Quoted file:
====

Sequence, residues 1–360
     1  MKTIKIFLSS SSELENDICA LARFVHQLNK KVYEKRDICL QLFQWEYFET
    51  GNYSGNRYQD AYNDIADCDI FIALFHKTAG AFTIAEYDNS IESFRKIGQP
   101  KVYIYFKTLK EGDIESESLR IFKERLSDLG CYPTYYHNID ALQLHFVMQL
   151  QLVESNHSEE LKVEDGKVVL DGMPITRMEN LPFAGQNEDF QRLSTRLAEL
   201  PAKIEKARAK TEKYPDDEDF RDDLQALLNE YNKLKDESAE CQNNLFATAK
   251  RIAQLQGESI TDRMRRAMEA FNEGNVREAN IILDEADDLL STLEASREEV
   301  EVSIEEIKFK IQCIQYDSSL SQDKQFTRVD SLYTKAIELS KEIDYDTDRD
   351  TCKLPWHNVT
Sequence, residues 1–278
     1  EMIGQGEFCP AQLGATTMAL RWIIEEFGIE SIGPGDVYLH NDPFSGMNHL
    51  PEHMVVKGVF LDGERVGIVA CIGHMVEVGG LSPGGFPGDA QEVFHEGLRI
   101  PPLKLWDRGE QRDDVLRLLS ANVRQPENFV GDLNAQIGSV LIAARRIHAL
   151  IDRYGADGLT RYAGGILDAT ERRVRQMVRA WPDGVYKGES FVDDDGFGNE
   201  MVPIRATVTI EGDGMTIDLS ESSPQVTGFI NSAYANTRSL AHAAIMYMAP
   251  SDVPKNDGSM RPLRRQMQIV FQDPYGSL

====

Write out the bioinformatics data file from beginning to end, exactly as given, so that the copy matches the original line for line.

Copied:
Sequence, residues 1–360
     1  MKTIKIFLSS SSELENDICA LARFVHQLNK KVYEKRDICL QLFQWEYFET
    51  GNYSGNRYQD AYNDIADCDI FIALFHKTAG AFTIAEYDNS IESFRKIGQP
   101  KVYIYFKTLK EGDIESESLR IFKERLSDLG CYPTYYHNID ALQLHFVMQL
   151  QLVESNHSEE LKVEDGKVVL DGMPITRMEN LPFAGQNEDF QRLSTRLAEL
   201  PAKIEKARAK TEKYPDDEDF RDDLQALLNE YNKLKDESAE CQNNLFATAK
   251  RIAQLQGESI TDRMRRAMEA FNEGNVREAN IILDEADDLL STLEASREEV
   301  EVSIEEIKFK IQCIQYDSSL SQDKQFTRVD SLYTKAIELS KEIDYDTDRD
   351  TCKLPWHNVT
Sequence, residues 1–278
     1  EMIGQGEFCP AQLGATTMAL RWIIEEFGIE SIGPGDVYLH NDPFSGMNHL
    51  PEHMVVKGVF LDGERVGIVA CIGHMVEVGG LSPGGFPGDA QEVFHEGLRI
   101  PPLKLWDRGE QRDDVLRLLS ANVRQPENFV GDLNAQIGSV LIAARRIHAL
   151  IDRYGADGLT RYAGGILDAT ERRVRQMVRA WPDGVYKGES FVDDDGFGNE
   201  MVPIRATVTI EGDGMTIDLS ESSPQVTGFI NSAYANTRSL AHAAIMYMAP
   251  SDVPKNDGSM RPLRRQMQIV FQDPYGSL